Wednesday, August 31, 2016

What the Best Dressed ATV Riders are Wearing

Welcome to my first – and most likely last – fashion post.  But if ever there were an event where the right attire is paramount, ATV riding would be it.  So, without further ado, starting at the bottom and working up….

1.  Boots.  Your boots should have good tread and provide ankle support.  Remember, you’ll need good traction on the trails and on-foot sightseeing.

2.  Socks.  Your socks need to cover the space between your boots and the inevitable lift of your pants when you’re seated.  Why?  The heat from the ATV’s engine can make the sideboards near the footrests very hot.  Save yourself the burn.

3.  Long pants.  Covering your legs protects them from windburn, sunburn, insects, flying objects and again, the heat of the machine.  The best riding pants have lots of pockets.  Ladies, the trail is no place for your designer handbags.  You need a pocket for your camera or cellphone, a pocket for chapstick, a pocket for tissues, and anything else you really need.  Don’t pack a comb or brush.  Trust me on this one.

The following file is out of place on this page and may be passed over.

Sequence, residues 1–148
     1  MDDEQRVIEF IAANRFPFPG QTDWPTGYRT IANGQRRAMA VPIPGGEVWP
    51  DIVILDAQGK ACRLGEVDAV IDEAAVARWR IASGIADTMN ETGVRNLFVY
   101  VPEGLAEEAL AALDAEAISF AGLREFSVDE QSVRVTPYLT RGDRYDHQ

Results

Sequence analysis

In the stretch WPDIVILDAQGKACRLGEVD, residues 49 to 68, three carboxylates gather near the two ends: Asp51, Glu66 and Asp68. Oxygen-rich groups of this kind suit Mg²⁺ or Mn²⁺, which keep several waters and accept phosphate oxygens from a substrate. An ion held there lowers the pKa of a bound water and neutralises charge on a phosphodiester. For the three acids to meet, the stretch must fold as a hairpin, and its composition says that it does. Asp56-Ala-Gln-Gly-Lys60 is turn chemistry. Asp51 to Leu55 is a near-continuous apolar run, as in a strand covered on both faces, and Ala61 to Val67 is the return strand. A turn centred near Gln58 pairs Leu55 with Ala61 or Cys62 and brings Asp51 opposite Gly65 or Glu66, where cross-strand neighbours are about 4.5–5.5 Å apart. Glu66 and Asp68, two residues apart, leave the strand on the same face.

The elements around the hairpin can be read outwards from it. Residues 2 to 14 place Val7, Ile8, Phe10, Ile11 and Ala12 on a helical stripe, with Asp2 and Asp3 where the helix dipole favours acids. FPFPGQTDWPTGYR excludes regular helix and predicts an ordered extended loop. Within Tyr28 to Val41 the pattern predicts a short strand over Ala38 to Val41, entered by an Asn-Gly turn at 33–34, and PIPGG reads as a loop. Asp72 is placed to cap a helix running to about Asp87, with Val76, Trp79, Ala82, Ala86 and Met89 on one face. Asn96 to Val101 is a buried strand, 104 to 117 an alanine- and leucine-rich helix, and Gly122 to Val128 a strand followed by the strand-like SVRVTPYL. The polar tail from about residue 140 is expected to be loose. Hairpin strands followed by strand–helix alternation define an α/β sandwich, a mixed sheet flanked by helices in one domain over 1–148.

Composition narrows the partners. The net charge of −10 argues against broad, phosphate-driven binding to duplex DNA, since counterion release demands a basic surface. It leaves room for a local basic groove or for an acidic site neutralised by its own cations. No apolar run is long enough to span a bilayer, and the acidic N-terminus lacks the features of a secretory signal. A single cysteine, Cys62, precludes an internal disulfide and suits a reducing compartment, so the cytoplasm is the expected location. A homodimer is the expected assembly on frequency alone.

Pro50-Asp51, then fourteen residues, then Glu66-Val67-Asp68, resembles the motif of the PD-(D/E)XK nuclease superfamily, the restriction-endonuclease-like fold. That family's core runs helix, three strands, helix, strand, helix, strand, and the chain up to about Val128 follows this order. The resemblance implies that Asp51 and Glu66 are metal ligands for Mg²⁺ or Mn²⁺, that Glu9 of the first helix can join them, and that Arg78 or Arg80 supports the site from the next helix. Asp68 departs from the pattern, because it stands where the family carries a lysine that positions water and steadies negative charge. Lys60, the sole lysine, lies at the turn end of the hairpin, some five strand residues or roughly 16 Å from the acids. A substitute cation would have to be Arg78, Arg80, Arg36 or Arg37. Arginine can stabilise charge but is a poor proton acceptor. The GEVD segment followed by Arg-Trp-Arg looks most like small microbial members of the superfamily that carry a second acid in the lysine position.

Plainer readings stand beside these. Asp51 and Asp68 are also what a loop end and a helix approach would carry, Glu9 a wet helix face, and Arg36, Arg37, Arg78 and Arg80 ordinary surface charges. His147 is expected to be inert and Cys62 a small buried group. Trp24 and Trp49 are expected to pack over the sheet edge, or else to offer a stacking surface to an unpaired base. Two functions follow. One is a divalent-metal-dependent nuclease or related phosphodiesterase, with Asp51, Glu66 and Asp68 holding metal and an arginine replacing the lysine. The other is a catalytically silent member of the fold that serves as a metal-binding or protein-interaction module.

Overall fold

4.  Long sleeved shirt.  Covering your arms has the same benefits as covering your legs.  I use a white cotton shirt on hot days, a pullover windbreaker on cooler days, and a parka for cold days.

5.  Bandanna.  Or maybe 2.  One should be tied around your neck so you can slip it up to cover your mouth and nose if you’re riding in really dusty conditions.  They make official dust masks for ATV riders, but so far I’ve found the bandanna to work just as well.  I use a second bandanna around my hair.  It keeps most of the dust out and makes it a lot easier to brush when we’re finally back home.

6.  Helmet.  This is the most important fashion accessory in the ATV riders wardrobe.  The benefits of wearing a helmet are many:
- It's the law (in Utah) if you're under age 18;
- It keeps wind and bugs off your face;
- It keeps rocks and dust out of your eyes;
- It keeps your ears warm on cold days;
- It keeps low tree branches from hitting you in the face, and
- It can save your life.

According to Riders West, “Recent research indicates that wearing a helmet while riding an ATV reduces an individual’s risk of death by 42 per cent and of suffering a head injury by 64 per cent. Head and spinal cord injuries are among the most common injuries incurred by ATV users.”
Don’t scrimp on the helmet.  Buy the best helmet you can afford and make sure it fits you well.  And if you should have the misfortune of having the helmet do its job, replace it.

But as for the pants, shirts, and windbreakers – the best source I’ve found is my local thrift store.  After all, why pay big bucks for clothing you intend to get dirty?

Happy trails!

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